This week’s session in the UDL course focused on UDL in transition planning. This really hit home for me as I have been supporting my teenage daughter with significant disabilities through postsecondary transition planning since she was in 5th grade. The foundation of the Individualized Education Program, Individualized Services Plan, and Individualized Employment Plans developed for Brooke by the schools, community-services board, and rehabilitation services is a person-centered approach: capturing her unique interests, capabilities, and support needs so she is successful in meeting her post high goals.
Traditionally, a transition assessment would rely on time limited paper-based forms, interviews, and community-based instruction/exploration. Given Brooke’s disabilities, she is unable to answer verbally or in writing and will disengage quickly from a process in which she cannot actively participate. The majority of her communication is done through body movement. With the support of federal language in the reauthorization of IDEA, through a UDL enhanced approach, a portfolio was developed instead of Brooke’s interests that included results from trying a variety of hands on work/situational assessments, pictures, and digital formats to find those career areas in which she was engaged. This concept is reinforced by experts in the field of UDL, including Smith (2003) who wrote that “the requirements of vocational evaluation – to use multiple sources and multiple methods to gain multiple outcomes that will assist participants – naturally align with UDL philosophy, tenets, and principles.”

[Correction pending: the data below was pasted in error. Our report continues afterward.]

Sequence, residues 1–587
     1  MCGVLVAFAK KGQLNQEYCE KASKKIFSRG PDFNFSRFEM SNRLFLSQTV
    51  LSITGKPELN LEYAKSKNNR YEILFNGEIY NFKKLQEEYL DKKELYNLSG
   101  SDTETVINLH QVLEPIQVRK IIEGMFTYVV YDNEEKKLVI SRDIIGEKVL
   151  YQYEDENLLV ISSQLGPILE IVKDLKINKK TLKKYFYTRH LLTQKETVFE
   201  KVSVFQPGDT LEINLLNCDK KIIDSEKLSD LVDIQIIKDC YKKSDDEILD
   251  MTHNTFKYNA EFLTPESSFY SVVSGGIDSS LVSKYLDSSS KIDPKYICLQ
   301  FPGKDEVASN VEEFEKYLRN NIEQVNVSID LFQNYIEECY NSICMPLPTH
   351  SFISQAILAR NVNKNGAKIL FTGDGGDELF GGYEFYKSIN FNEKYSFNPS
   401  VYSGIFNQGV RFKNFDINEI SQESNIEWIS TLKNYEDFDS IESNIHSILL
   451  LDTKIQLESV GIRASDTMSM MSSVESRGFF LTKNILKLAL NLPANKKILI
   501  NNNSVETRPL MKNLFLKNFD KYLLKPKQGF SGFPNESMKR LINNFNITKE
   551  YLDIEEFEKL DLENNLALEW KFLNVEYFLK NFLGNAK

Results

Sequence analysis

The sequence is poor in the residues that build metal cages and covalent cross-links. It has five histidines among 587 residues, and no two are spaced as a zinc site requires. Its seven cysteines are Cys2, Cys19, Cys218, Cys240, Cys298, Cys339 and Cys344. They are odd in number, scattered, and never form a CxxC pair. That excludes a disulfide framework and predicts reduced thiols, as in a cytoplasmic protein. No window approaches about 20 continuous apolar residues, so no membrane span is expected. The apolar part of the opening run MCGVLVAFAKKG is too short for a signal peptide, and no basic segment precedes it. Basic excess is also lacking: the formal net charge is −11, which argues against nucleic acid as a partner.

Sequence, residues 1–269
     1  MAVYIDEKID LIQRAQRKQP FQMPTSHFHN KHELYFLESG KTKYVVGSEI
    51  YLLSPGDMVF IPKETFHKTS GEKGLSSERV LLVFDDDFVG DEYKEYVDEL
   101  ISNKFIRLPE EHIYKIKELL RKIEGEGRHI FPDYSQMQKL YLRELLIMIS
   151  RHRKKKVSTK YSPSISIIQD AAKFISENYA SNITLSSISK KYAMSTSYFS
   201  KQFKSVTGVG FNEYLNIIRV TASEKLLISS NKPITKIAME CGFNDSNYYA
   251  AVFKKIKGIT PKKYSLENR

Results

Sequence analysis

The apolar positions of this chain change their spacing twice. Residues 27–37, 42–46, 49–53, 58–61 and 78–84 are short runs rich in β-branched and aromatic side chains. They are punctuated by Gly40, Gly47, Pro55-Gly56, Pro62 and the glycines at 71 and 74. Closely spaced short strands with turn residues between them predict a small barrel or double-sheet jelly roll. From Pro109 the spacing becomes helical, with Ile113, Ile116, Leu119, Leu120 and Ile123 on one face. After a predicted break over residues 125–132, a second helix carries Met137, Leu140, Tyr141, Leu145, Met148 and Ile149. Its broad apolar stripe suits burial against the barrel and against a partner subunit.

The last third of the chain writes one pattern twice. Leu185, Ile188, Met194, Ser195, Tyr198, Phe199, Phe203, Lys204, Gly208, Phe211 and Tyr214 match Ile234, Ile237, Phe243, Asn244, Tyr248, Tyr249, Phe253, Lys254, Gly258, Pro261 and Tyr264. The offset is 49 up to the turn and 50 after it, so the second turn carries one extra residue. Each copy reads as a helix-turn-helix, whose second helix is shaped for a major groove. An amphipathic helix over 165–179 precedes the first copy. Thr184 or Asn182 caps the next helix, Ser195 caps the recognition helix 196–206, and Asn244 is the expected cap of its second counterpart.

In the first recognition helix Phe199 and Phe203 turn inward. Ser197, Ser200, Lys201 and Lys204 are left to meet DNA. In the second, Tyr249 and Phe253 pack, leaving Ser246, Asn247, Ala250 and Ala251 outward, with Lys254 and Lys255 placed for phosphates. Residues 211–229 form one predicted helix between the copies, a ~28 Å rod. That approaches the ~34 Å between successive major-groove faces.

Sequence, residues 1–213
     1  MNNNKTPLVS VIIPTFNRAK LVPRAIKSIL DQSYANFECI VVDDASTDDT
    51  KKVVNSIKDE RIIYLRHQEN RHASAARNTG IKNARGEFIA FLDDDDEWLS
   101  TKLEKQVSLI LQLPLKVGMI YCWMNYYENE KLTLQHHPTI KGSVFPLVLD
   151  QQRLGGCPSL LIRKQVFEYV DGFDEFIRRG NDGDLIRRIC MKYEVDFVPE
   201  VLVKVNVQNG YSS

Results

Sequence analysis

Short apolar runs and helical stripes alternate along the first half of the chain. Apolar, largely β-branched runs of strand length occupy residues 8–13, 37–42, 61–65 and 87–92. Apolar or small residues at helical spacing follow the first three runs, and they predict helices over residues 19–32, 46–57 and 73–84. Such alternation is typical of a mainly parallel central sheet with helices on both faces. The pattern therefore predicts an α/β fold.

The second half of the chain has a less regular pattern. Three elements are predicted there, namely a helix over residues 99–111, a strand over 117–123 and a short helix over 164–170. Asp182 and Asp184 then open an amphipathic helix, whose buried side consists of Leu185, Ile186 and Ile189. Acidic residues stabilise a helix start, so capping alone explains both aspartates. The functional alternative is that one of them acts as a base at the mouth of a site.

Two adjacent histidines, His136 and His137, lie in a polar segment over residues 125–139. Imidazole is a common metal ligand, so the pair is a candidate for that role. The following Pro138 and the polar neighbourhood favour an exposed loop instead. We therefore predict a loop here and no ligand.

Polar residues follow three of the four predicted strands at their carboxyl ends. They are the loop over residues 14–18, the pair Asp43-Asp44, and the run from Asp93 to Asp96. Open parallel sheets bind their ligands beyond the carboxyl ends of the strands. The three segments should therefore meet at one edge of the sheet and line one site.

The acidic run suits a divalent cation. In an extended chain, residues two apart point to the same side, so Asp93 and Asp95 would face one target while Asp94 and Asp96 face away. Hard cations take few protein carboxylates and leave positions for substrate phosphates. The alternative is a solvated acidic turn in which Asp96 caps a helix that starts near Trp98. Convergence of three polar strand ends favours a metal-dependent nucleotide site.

In looking further at Brooke’s transition experience, through assessment examples using the UDL lens, the transition coordinator:
Principle 1: provide multiple means of representation
- Connected Brooke with volunteer opportunities at a dog rescue and kennel to explore hands on what it means to be in a career working with animals, and ysed a guitar, youtube videos, and iPad apps for pianos, to explore her interest in music
- Explored www.alife4me.org for community career ideas
Principle 2: provide multiple means of action and expression
- Used several apps on an iPad (i.e., ProLoQuo, Tap to Talk) allowing Brooke opportunities to express, beyond her behavior, choices in items presented.
- Presented career interest inventories on the computer or through apps (i.e., Career Assessment, Career Test)
Principle 3: provide multiple means of engagement
- Created a powerpoint with photos from exploration done with Brooke at a number of community settings involving work with animals (dog rescue, SPCA, pet store) to show the IEP team her interests and to document how she worked towards career related IEP goals
Smith, F. G. (2003). Universal design for learning and vocational evaluation: Recognizing the parallels. The National Issues Forum Papers: 2003 Proceedings. Retrieved from http://vecap.org/index.php?/site/publications_categories/C112/